- She was assassinated by mafia boss Sam Giancana for threatening to expose information about his illegal operations.
- She was killed at the behest of John and Robert Kennedy after threatening to go public about her affairs with both brothers.
- She was given a deadly dose of medication by her psychiatrist, Dr. Ralph Greenson (with whom she also had an affair).
- She was murdered by the CIA, as she was used in several government operations to seduce world leaders, including Nikita Khrushchev.
According to police reports, some items had been taken from Monroe's home upon her death, including her personal diary, which allegedly could have contained key evidence against some very powerful people. In addition, in 2012, it was discovered that neither the FBI (which had tracked the actress' movements during her life) nor the National Archives had any of the files from Monroe's case.
In his 1983 memoir, Coroner, Dr. Thomas Noguchi—the man who performed Monroe's autopsy—wrote that the true details of Monroe's death will never likely be known. "On the basis of my own involvement in the case, beginning with the autopsy, I would call Monroe's suicide 'very probable,'" he wrote. "But I also believe that until the complete FBI files are made public and the notes and interviews of the suicide panel released, controversy will continue to swirl around her death."
4. PIER PAOLO PASOLINI: PUBLIC ENEMY NUMBER ONE
The world cinema industry was in shock when noted Italian director Pier Paolo Pasolini, who courted controversy with films like Accattone and Salò, was murdered in 1975. Pasolini, who was 53 years old at the time, was brutally beaten and run over by his own vehicle. His 17-year-old-killer, Giuseppe Pelosi, admitted to killing Pasolini, and leaving his dead body near a soccer field. The admission of guilt seemed to wrap up the case pretty quickly ... until the forensic report became public. According to the forensic examination, “Pasolini was the victim of an attack carried out by more than one person.” This is when Pasolini's family started to believe there were bigger villains at play than just Pelosi.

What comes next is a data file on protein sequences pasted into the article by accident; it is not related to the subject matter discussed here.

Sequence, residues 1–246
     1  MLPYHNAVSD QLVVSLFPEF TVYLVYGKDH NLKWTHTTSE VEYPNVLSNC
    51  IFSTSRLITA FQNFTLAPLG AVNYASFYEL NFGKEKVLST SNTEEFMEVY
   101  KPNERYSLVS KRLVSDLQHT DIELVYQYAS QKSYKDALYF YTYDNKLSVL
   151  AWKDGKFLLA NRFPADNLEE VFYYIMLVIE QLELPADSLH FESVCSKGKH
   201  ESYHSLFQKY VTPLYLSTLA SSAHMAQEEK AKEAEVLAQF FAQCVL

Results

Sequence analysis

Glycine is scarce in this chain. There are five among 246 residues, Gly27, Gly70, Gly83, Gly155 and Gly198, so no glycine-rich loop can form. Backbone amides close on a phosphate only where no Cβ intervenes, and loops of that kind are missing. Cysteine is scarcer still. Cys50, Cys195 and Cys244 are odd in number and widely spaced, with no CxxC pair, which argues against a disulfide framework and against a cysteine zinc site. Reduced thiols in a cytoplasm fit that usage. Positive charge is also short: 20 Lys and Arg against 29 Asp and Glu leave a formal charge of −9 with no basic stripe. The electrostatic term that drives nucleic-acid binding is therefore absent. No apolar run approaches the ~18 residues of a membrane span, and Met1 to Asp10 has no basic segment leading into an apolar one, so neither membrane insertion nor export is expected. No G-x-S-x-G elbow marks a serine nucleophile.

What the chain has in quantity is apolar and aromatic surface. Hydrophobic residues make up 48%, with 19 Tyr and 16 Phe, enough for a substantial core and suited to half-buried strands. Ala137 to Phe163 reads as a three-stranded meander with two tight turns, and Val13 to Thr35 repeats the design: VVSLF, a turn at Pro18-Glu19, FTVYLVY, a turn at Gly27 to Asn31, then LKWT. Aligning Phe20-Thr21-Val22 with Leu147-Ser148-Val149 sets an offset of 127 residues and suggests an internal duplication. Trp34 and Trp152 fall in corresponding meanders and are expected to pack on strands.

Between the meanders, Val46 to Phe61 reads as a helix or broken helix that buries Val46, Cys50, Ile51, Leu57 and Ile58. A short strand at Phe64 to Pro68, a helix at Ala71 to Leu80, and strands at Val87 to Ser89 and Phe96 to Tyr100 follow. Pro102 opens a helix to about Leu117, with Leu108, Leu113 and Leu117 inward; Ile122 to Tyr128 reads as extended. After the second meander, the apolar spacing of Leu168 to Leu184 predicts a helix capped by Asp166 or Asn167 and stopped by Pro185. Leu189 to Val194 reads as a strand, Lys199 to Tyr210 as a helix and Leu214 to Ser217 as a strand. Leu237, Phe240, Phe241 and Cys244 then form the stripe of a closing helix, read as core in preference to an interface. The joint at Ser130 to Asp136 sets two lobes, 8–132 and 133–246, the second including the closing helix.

Italy in the 1970s was a highly tense nation, and it was not uncommon for outspoken leftists like Pasolini to suddenly disappear, or end up dead. Pasolini's family believes that the director—who often spoke negatively of those in religious and political power—was assassinated in a politically charged killing. There are so many conspiracies and possibilities that in 2010, Pasolini's case was reopened.
THE WIZARD OF OZ
: A MUNCHKIN IN LOVE
Is it a bird? A prop? A Munchkin? For years, fans of The Wizard of Oz have been fascinated by a squint-or-you'll-miss-it object hanging from a tree that stands along the Yellow Brick Road. The story goes that one of the actors hired to play a Munchkin had fallen in love with one of his fellow actors, but his feelings were not reciprocated. The actor was apparently so stricken with sadness that he decided to hang himself on the film's set. If you look at the photo above, from the Tin Woodsman sequence, you'll see the shadowy figure straight ahead in the trees.
Though Snopes.com has determined the story to be "false" and pointed to several other explanations for the mysterious object—from a rented crane from the Los Angeles Zoo to a crew member who simply got caught in the shot and was never edited out—the Munchkin tale is one legend that won't die.